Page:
Flower Jam – Preserving the May (or any day)

by Scott

The weather has been hot. Today is no exception. Hot, wet and humid with a wind coming from the south. The breeze brings the heady scent of hawthorn bloom through my open window. The scent of these mingling with the earthy aroma of petrichor. That deep patchouli like smell of the nearby forest in the rain. A base note to it all. It’s a smell unlike any other. It’s a smell of home. The smell of the start of summer. Its time to Preserve the May and make some flower jam.

Crosswort – Cruciata laevipes – (SG) Lus na croise (plant of the cross)

It got me thinking. How I might capture this very moment? This chance in time. Soon I had on my trusty boots and out looking for what else the hedgerows might be hiding. I didn’t need to go far. Beautiful Dandelions, Crosswort, Hawthorn, Sweet Cicely, Rose blossoms, Herb Bennet, Gorse, Apple Blossom, Spruce tips just emerging from their brown paper like sheafs and the tenacious Cleavers covered the hedgerow.

Just clipping a little of each and saying thanks. I didn’t take enough for much of a remedy but just enough to add its scent and taste to the collection forming in my bag. Only taking a little here and there as the bees were busy with their work. On my way home I discovered Jasmine in bloom. Searching through my many jars I found some dried Gorse, cat mint flowers and Daisies left over from my garden.

Looking at the array in question I pondered. What to do with it all? I think this is the beauty, the art and the happy experiments in foraging and using plants. Inspiration can come at any time. However, this collection of plants to me represents my home. The place where I live and a little slice of this warm, scented heady day.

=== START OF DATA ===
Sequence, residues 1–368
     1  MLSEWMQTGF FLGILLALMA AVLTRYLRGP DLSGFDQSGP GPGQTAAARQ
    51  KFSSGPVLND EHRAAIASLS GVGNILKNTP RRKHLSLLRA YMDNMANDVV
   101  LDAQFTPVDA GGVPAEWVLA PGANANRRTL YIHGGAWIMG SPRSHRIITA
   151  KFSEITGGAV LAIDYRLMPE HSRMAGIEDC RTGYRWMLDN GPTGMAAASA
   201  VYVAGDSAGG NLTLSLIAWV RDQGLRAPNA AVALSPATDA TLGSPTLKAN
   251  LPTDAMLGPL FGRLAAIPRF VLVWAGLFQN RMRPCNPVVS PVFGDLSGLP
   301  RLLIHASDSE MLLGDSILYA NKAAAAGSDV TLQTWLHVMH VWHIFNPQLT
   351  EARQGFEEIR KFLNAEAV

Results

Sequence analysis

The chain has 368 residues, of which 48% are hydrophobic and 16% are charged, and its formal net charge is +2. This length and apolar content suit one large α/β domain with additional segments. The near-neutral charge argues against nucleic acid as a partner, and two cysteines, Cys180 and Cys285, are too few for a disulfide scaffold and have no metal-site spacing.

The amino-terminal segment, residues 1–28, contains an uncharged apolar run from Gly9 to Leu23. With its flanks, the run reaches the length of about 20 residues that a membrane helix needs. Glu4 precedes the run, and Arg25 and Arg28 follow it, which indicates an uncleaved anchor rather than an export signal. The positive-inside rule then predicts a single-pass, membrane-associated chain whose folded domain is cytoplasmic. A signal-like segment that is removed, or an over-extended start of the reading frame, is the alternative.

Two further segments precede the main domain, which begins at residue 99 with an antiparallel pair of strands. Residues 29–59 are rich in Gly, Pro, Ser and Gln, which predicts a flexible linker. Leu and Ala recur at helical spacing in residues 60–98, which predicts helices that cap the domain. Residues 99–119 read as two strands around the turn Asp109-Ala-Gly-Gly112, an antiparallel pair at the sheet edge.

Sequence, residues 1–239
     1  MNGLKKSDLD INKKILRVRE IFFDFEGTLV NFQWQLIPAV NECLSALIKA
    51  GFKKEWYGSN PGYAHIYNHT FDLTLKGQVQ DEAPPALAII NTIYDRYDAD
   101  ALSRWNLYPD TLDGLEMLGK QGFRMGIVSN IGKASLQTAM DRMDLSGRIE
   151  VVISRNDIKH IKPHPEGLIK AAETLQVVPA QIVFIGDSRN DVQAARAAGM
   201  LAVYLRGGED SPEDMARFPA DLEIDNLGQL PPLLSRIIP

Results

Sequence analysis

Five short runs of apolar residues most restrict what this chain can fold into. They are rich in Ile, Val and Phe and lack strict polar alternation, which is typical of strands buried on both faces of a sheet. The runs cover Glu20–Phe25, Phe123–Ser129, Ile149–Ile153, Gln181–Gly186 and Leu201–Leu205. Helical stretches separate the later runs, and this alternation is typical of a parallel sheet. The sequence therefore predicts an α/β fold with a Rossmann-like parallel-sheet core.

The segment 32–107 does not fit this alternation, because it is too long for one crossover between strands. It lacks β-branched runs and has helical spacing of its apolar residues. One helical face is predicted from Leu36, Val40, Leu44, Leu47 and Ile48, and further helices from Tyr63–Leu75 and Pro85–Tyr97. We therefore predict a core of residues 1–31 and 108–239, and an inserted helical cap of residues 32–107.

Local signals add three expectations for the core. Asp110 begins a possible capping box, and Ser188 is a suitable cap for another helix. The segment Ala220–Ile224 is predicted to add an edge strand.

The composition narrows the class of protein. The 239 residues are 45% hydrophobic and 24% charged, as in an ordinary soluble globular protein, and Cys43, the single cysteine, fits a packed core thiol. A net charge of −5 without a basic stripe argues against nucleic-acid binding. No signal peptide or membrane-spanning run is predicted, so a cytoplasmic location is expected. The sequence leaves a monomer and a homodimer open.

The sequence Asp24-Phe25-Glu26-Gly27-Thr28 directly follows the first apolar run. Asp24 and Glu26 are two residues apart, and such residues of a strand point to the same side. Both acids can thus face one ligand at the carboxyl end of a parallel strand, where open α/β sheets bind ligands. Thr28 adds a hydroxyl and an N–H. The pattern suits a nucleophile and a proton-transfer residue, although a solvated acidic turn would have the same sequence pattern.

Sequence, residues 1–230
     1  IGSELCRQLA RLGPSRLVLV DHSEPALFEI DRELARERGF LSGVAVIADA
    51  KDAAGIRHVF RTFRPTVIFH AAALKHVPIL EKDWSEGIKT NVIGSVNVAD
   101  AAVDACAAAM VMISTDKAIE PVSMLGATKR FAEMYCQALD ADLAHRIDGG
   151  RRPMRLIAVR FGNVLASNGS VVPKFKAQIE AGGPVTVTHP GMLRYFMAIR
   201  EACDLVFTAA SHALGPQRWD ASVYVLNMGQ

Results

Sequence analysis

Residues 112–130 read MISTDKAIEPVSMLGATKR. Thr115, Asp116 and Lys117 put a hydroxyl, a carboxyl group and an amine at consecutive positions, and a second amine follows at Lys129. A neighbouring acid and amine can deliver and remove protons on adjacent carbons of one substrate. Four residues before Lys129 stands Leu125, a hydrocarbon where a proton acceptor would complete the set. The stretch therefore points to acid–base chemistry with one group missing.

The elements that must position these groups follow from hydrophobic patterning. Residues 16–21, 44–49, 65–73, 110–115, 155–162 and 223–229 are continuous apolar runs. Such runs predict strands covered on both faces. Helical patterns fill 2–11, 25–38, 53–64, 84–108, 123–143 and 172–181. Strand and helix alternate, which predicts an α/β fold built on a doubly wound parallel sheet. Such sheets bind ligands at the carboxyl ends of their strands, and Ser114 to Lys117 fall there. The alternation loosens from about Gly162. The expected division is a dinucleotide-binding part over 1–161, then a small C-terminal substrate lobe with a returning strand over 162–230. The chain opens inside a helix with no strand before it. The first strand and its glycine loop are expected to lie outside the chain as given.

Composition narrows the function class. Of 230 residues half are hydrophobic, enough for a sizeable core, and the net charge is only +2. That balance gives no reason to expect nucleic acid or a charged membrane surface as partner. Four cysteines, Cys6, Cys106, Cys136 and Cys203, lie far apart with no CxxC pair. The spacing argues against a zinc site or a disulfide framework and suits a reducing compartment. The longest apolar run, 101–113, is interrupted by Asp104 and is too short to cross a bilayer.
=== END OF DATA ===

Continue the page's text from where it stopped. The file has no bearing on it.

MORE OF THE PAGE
Theres a million and one things you can do with plants.  Tea, decoctions, flower remedies, syrups, incense

Sweet Cicely blooms – (SG) – cos uisge – Myrrhis odorata

mixes, tinctures, elixirs, rubbing salts, home-brew and jams among others. It’s really up to you. Let intuition and imagination guide you. Once you have the technique down for these you can apply it to anything.

So with the collection of little plants in front of me they just screamed out flower jam. I wanted something sweet and reminiscent of the perfume of the day.

I have no idea what this combination of plants will taste like and I’m hoping for a happy accident. I also think “what grows together goes together” and these were all within 500m of one another. So ever hopeful i got to work.

Directions for flower jam.

flower jam ingredientsPlace fresh plant matter outside for 30 mins and hope that all the bugs decide to leave. This is their chance for freedom!

Once done place all the plant material for your flower jam into about a litre of water. I didn’t really pay much attention to the parts but I would say they were about one part to half a part each. There were less Spruce tips and rose petals than the other plants. Bring to a fast boil (like an infusion/decoction) with the lid on.

Take off the heat and leave to steep for about an hour (longer is fine, it will just be a bit stronger). Just beware if there are bitter parts in the plant this will be added into the taste.